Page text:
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Marine Corps Logistics Base Albany

Readiness Enabler for Operational Forces  •
Medal of Honor recipient visits

By Cpl. Joshua Bozeman | | October 10, 2002

A Medal of Honor recipient spoke to Albany Marines at the Base Theater Tuesday during a Professional Military Education period sponsored by the local chapter of the National Naval Officers Association.

The PME gave Marines here the opportunity to learn about the old Corps and the experiences of a proven leader.

Retired Marine Col. Wesley L. Fox spoke of his 43 years in the military, both as an enlisted Marine and an officer. Of the 58 heroes who received the Medal of Honor in Vietnam, only 13 lived to acknowledge the honor.

Fox said that when he first joined the Marine Corps, his recruiter told him and the others joining with him something that he hasn't forgotten.

Fox would not deserve his paycheck for many of the months ahead, the recruiter told him. But, he may be called upon to fight and accomplish a task for which his country could never repay him.

Since that day, Fox has seen combat many times. Many times he found himself in dire situations and acted in ways that surpassed human capabilities for saying thank you.

He recieved the Medal of Honor, the nation's highest military medal, for acts of valor during the Vietnam War in 1969. Fox said he was not at all mistaken about the reason the medal was placed around his neck. He made it clear that he wears the medal to honor those Marines who fought and died along side him and under his command, not for any individual acts he had accomplished.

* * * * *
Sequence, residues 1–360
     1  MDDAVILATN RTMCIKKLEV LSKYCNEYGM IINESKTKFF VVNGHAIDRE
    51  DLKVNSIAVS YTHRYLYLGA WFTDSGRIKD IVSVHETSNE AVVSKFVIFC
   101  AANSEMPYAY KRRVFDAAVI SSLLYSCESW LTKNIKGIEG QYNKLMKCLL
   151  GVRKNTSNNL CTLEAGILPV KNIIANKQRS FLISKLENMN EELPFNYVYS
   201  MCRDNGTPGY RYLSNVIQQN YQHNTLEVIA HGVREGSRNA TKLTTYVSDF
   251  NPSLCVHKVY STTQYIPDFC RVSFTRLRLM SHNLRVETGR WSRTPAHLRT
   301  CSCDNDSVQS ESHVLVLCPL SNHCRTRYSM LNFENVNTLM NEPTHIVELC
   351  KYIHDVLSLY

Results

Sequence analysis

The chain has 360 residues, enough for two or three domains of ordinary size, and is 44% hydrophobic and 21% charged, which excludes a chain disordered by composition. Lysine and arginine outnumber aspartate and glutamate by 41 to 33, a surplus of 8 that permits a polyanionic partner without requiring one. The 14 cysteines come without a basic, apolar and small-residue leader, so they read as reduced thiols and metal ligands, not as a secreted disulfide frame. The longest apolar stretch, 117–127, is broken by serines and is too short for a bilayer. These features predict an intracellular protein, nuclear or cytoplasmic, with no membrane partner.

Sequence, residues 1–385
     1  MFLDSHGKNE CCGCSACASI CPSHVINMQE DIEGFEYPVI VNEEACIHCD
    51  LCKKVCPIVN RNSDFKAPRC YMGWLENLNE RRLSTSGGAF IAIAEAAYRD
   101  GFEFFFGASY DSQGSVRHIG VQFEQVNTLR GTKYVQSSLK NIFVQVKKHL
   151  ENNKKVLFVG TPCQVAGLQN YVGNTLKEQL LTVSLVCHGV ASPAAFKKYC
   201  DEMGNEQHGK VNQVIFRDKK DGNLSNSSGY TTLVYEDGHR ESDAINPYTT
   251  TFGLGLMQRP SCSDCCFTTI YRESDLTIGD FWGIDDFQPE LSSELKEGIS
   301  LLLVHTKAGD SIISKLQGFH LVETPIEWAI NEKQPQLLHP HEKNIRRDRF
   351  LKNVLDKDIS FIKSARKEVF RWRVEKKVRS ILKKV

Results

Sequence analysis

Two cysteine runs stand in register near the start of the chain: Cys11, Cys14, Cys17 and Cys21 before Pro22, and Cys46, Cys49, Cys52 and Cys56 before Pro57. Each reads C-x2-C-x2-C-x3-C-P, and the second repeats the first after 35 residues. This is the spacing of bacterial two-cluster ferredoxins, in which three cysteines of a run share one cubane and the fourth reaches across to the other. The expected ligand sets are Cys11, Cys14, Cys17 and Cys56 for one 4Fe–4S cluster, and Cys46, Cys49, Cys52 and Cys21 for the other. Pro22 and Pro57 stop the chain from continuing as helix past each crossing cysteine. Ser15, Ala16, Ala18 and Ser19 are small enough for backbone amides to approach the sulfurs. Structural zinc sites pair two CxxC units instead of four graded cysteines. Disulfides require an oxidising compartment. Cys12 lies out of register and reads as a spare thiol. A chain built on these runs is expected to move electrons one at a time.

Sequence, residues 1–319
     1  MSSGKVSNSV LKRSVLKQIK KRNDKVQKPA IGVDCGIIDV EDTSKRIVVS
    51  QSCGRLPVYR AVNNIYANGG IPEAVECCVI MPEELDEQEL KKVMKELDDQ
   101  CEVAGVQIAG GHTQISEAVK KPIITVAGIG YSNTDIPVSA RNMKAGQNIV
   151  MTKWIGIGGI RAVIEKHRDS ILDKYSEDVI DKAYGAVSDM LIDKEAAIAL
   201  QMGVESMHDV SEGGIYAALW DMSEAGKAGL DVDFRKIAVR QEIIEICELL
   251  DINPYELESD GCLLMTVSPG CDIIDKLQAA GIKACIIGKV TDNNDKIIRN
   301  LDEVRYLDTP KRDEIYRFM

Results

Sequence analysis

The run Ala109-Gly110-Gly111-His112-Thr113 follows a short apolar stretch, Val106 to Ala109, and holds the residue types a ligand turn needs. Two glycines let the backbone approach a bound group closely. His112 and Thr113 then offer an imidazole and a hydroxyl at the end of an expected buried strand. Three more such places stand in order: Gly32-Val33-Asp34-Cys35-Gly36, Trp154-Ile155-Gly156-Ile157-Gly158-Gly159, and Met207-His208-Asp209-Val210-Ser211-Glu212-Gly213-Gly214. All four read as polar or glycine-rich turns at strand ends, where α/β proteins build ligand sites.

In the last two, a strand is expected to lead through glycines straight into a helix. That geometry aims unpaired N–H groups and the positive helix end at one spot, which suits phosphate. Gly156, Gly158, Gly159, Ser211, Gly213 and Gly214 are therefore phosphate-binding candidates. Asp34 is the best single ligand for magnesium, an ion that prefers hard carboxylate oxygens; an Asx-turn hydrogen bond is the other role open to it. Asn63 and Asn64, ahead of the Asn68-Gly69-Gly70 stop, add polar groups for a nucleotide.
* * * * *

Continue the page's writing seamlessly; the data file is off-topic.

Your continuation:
According to Fox, he had no intentions of being a career Marine when he enlisted, but he kept reenlisting because of the opportunities the Marine Corps offered, adding that he would still be on active duty if not for the mandatory retirement at age 62.

Now Fox takes what he has learned and shares it with new Marines.

One theme the 43-year Marine veteran continued to emphasize was "if you want something, and work hard enough for it, then you will get it." He used his own selection for an officer program after Marine Corps orders said he was too old as a real-life example that he learned from.

Fox also told the Albany Marines about his personal experience with Marine Corps leaders, and what made him follow them.

He gave the example of his old squad leader who always put his men before himself and how that impressed him.

Fox said that in all of his years of experience, the people with whom he served and developed relationships were the best part of his 43 years of service.

When a Marine asked Fox how Marines of today compared to the Marines in his time, Fox replied by saying the Marines of today are just as tough.

Although training methods have changed since he first entered boot camp, he said the Marine spirit is still alive inside everyone who wears the uniform, and that spirit is the element that makes a Marine - not the training.